The scariest, bloodiest, and sometimes funniest vampire movies of all time. How many have you seen?
They want to suck your blood. Isn’t that cool?
Vampire movies are one of the most beloved horror genres. It helps that vampires are one of the most universal monsters in folklore. Practically every region on Earth has their own version of the myth, spawning legends and spook stories and films that reflect every aspect of our shared cultural revulsion – and fascination – with the undead. There are scary vampire movies, funny vampire movies, erotic vampire movies and action-packed vampire movies. And then there’s everything in between.
With the vampire movie genre, so wide and varied, it only makes sense that our list of The 15 Top Vampire Movies should reflect that variety. Our critics have different specialties and tastes (that’s why we hired them), and between them they nominated established classics, cult favorites, art house oddities and quirky comedies alike. Some films may surprise you and others may seem like no-brainers, but that doesn’t make them any less great.
15 Top Vampire Movies
- CRONOS (1993)
The first feature film of Mexican director Guillermo del Toro, Cronos, is a haunting and unusual take on the vampire trope. In it, an old antiquarian, Jesús Gris (Federico Luppi), accidentally discovers an ornate 16th century mechanism.
This “Cronos” device attaches itself to his body, restoring his youth, but also makes him crave blood. Meanwhile, a dying businessman sends out his ruthless nephew Angel (Ron Perlman) to find and retrieve the device at any cost. A silent witness to this dark story is antiquarian’s granddaughter, Aurora (Tamara Shanath).
- A GIRL WALKS HOME ALONE AT NIGHT (2014)
In almost any other film, the girl from the title would be a victim. But in A Girl Walks Home Alone At Night, she is a vampire. Played with eerie and sinuous grace by Sheila Vand, the vampire stalks the deserted streets of the unnamed Middle-Eastern city dressed in chador, hunting and killing bad men.
She crosses ways with hard-working Arash (Arash Marandi), who tries to take care of his drug addict father Hossein (Marshall Manesh). Arash slowly succumbs to a life of crime, which just might seal his fate next time he meets the vampire.
- WHAT WE DO IN THE SHADOWS (2014)
Filmed as a fake documentary film, What We Do in the Shadows follows the hilariously mundane everyday life of four vampire roommates: Vladislav (Jermaine Clement), Viago (Taika Waititi), Deacon (Jonathan Brugh) and Petyr (Ben Fransham).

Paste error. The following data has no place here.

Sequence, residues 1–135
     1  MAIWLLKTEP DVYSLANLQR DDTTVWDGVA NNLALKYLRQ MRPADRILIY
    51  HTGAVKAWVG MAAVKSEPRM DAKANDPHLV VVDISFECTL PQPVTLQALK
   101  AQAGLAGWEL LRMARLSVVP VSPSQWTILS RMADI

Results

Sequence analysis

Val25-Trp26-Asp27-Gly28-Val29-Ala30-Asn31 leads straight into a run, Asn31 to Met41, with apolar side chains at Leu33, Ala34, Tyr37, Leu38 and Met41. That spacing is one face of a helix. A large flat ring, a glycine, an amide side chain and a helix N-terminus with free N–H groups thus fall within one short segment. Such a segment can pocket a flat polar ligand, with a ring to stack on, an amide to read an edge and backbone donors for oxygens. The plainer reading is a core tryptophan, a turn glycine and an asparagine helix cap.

When their would-be victim Nick (Cori Gonzalez-Macuer) gets turned into a vampire, he starts to teach them about modern life. However, he also carelessly reveals their secrets to outsiders, bringing the vampires into a conflict with a local group of werewolves.
- HORROR OF DRACULA (1958)
Christopher Lee’s Count Dracula appears in the 1958 Hammer horror film Horror of Dracula for only about ten minutes, but that’s enough for him to own the entire film.
With his deep voice and imposing appearance, his is the only Dracula to ever come close to the one played by Bela Lugosi in the 1931 version of the film. Dracula’s opponent Dr. Van Helsing is here played with steely gaze and quiet manner by the veteran actor Peter Cushing, a real-life friend of Lee’s.
- LET THE RIGHT ONE IN (2008)
Dark, sweet and deeply unsettling, Let the Right One In is a disturbing coming-of-age story following 11-year old Oskar (Kåre Hedebrant), whose parents recently divorced and who is regularly bullied in school.
One night he meets mysterious Eli (Lina Leandersson), who just moved in the neighborhood. But Eli is a vampire whose old servant Håkan (Per Ragnar) commits grisly murders to feed her human blood.
- A CHILD’S TALE OF THE SUPERNATURAL (1973)
Lots of vampire movies are about the sick and decadent lifestyles these monsters lead, but few feel as twisted as Lemora: A Child’s Tale of the Supernatural. Cheryl “Rainbeaux” Smith stars as a 13-year-old girl who runs away from her southern, Bible-thumping caretaker and into the arms of a seductive, utterly unwholesome female vampire named Lemora.